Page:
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Bar presidents close ranks behind three justices

by John Kennedy | September 5th, 2012

Three Florida Supreme Court justices, targeted for ouster by some conservative activists, flexed some political muscle Wednesday by announcing they’ve got the backing of 23 former Florida Bar presidents.

The lineup of lawyers signed a resolution critical of what they labeled as an attempt to politicize the state’s high court. They also conceded that voters have a poor understanding of merit retention, which Justices Peggy Quince, Fred Lewis and Barbara Pariente face in November.

The three justices, the last appointed by a Florida Democratic governor, are being opposed by a tea party-linked political committee called Restore Justice 2012, which cast the justices as a liberal-leaning bloc.

The campaign is seeking to make the trio the first Florida justices ever ousted in a merit retention campaign. The three justices – combined – have already raised more than $1 million for their campaigns, virtually all of it coming from lawyers and law firms.

In merit retention, justices don’t face-off against an opponent. Instead,  voters get to decide, “yes” or “no,” on whether a justice should be given another six-year term.

“Voters need to send a message that politics has no place on the bench.  A vote ‘yes’ for retention sends that message loud and clear,” said former Florida Bar President Howard Coker.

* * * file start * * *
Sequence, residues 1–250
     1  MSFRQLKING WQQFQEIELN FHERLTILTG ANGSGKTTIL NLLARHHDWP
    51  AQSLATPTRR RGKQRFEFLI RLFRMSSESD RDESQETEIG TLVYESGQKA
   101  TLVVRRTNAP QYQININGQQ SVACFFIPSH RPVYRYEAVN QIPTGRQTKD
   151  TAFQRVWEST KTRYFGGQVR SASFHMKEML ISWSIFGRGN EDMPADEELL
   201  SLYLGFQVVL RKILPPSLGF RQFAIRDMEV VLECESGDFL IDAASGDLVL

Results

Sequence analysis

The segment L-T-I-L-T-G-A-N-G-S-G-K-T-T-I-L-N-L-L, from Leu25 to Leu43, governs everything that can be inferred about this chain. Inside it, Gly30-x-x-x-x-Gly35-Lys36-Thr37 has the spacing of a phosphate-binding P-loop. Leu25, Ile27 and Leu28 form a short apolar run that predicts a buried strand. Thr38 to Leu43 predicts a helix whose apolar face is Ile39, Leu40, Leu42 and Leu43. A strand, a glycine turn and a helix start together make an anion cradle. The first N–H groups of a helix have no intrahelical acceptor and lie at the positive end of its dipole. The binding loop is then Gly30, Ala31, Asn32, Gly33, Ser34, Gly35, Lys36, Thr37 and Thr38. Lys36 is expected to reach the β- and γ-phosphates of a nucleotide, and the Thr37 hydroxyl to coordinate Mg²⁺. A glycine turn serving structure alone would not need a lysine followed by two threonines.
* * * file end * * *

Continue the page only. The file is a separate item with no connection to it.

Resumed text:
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2 Responses to “Bar presidents close ranks behind three justices”

  1. Alan Says:

    Why dont we go to just electing supreme court justices statewide, there are many states that chooses justices this way?

  2. John Says:

    Alan –

    Because the judiciary should be an separate branch — acting independently of political interference and intimidation.

    These elections also pave the way for well-connected, but grossly under qualified jurists sitting on the bench.

    Interestingly, Florida actually used to elect it’s Supreme Court Judges… That system lead to the biggest scandal in the court’s history and paved the way for the current Selection/Retention system.

    Read about it here:

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